The Hobo Guide to Japan Rail

The Hobo Guide to Japan Rail

So like the rest of white middle-class suburbia, you’ve had the brilliant idea of recruiting some mates and jetting off to the Land of the Rising Sun. You’ve heard tales regaling the brilliance of the supersonic, space-age Shinkansen and thought that you might like to experience it for yourself. You might be thinking, “Sure, I’ve been at Richmond Station and lived the post-apocalyptic nightmare that is the combination of Friday night post-AFL traffic and Metro Trains ineptness – I’ve seen busy.

However, the Japanese Rail system caters to a hundred times more customers per year than Metro Trains (more than 22 billion customers!). Subway stations can also feel like cities themselves, and in the case of Umeda Station – which features 1,200 stores – sometimes actually are, so things can do get a bit hectic.

Now while you might assume that typical Japanese efficiency has made it so using the railways is akin to that taking a quick trip on Howl’s Moving Castle (and in many ways it can be), unfortunately, the massive web that is the Japanese network could be a confronting task to many.

So for all you anime lovers, geishas and wannabe Harajuku-girls out there, here’s your (incredibly insufficient) guide to getting around Japan by train.

In a similar fashion to that of Eurorail/Eurail, international travellers can purchase a Japanese Rail (JR) Pass that will give them access to either certain regions of Japan or the entire country, if you choose to fork out the cash.

With a national 7-day, 14-day or 21-day pass setting you back around $310, $500 and $640 respectively, it is a costly outlay for the frugal traveller in all of us. However I would argue that the proficiency, speed and convenience of the Japan Rail network, as well as the fact it can also be used for Shinkansen travel between cities, makes the money well worth it.

For example: a 7-day national pass is cheaper than purchasing just a Shinkansen return-trip between Tokyo and Kyoto.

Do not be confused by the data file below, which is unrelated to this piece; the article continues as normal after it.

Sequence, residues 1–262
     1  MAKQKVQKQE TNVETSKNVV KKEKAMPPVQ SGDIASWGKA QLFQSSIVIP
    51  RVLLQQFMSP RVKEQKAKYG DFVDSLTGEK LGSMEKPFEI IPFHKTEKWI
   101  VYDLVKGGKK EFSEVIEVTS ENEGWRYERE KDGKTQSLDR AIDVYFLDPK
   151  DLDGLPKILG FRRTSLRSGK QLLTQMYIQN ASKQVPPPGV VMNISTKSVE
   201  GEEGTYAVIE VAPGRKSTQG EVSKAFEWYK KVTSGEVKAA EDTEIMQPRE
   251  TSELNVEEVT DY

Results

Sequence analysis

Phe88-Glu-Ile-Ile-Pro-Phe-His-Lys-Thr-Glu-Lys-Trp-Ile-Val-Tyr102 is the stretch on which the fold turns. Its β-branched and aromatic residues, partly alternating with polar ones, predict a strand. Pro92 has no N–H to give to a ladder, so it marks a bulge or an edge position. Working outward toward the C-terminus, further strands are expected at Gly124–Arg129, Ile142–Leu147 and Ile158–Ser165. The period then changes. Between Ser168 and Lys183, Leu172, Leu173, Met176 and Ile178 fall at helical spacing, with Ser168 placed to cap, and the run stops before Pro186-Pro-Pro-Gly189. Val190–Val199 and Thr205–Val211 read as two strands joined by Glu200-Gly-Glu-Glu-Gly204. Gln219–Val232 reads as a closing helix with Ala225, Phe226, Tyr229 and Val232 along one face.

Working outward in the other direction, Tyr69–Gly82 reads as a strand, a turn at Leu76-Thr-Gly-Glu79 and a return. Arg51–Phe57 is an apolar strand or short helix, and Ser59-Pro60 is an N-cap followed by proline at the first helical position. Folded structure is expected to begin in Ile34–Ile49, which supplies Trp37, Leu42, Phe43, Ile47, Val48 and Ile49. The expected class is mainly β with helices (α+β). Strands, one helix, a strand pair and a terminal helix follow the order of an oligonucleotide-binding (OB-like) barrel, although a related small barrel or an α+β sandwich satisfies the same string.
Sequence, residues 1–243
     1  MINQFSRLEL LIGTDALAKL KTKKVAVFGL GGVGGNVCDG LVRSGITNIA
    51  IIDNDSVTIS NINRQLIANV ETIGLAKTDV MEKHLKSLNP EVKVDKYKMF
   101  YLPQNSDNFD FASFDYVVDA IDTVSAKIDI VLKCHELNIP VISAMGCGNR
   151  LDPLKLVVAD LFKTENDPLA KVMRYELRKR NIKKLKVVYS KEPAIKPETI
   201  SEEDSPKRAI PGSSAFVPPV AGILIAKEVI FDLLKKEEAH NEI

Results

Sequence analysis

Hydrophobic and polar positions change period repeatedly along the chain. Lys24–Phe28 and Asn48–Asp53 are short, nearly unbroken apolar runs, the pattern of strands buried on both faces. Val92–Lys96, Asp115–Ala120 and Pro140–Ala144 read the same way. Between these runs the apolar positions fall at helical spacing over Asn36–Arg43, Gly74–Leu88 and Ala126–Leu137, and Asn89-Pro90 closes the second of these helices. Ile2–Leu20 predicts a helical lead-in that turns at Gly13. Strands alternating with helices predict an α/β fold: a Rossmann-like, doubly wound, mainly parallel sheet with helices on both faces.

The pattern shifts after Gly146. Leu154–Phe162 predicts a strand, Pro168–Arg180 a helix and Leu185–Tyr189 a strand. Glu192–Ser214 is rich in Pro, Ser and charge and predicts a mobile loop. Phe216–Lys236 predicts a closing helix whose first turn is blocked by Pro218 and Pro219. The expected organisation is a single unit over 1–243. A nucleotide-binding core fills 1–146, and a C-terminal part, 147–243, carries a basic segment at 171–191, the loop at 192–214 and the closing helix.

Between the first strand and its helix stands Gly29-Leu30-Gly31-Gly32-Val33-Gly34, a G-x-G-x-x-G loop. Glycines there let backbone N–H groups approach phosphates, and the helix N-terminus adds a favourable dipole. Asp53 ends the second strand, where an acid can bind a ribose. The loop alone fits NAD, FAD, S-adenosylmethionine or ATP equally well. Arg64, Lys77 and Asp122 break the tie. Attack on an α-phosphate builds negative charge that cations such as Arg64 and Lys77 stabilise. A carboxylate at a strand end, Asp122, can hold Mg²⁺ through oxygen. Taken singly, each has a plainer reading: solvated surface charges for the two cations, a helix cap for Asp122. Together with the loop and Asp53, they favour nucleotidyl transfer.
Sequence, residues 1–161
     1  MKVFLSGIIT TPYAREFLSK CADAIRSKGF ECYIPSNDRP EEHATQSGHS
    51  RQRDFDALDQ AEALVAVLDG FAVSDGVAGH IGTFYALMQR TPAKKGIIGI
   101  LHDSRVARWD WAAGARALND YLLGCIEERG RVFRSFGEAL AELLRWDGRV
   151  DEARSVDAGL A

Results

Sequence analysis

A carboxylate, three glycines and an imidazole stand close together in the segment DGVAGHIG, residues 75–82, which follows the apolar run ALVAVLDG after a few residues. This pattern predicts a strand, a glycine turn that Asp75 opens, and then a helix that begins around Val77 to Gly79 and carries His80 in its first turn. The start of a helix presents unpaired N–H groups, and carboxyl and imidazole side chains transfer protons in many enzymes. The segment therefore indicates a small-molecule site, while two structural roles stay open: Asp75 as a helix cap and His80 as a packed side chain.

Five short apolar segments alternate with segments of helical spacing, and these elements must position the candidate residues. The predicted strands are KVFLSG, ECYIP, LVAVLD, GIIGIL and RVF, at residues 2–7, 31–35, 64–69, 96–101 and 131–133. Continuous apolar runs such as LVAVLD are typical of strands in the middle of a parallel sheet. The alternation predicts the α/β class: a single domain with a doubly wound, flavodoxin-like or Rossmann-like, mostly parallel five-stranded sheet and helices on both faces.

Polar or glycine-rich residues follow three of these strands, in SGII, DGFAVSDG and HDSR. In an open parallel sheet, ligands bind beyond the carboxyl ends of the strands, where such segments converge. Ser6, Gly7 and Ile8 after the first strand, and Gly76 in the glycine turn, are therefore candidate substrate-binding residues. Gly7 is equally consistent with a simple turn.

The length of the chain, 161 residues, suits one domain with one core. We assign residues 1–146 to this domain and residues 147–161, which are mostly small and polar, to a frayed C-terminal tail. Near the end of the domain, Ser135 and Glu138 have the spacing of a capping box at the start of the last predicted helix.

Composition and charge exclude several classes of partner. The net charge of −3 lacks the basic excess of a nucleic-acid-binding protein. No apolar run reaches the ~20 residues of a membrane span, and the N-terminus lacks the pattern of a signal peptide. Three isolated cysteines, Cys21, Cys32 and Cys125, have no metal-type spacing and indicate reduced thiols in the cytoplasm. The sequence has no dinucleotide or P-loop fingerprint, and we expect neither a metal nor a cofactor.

The Japanese rail system is divided into Japan Railways Group and a vast number of privately owned railway lines. While JR consists of the majority of lines in most cities, you may find that your destination is on a privately owned line, leaving your JR Pass invalid. If this is the case, then you’ll have to buy a cheap separate ticket for your ride. The stations will often be divided into different sections or levels for the various proprietors, and access is only granted with the appropriate ticket.

Fortunately, the numerous networks and their signs all follow a consistent colour-coded method, and all major stations present English language signs to help the Gaijin (outside person) in all of us.

Shinkansen (Bullet Trains):
The Shinkansen or bullet train network links virtually all major cities in Japan. The trains are incredibly clean, quiet and quick, making them perfect for getting all over Japan. Similar to airlines, all types of Shinkansen have a first-class area known as “Green Cars” at an extra cost. If you choose to purchase a JR Pass, you are able to access to regular Shinkansen trains like the Hikari and Kodama. However, some limitations do exist.

The Japan Rail Pass is not valid for the more expensive Nozomi and Mizuho trains on the Tokaido, Sanyo and Kyushu Shinkansen lines, so be sure when planning your trip to avoid these. The Nozomi is the fastest train that connects Tokyo to Nagoya and Osaka/Kyoto, taking about two and half hours to make full the trip. This is compared to the Kodama that stops all stations, taking about four hours, which for most of us hobos will be fine.

Although not always crucial, reserving your seats is an excellent option that is available. If you choose not to, you could be at risk of needing a booked-out train, or – god forbid – not being able to sit next to your friends, although this may be preferential for some. There are also smoking carriages for those of you who want to enjoy the finer things in life as you fly past Mount Fuji at 300km/h.

So there you have it – my guide to using the train in Japan. As this is not by any means a comprehensive guide to using the railways, I’m sure you’ll still manage to get lost, confused, yelled at, and “Gaijin Smash” your way through everything the Japanese hold culturally sacred. So traverse Japan by train – it’s freakin’ awesome! But if you haven’t taking anything from this guide, heed this one warning – just don’t talk on your fucking phone.

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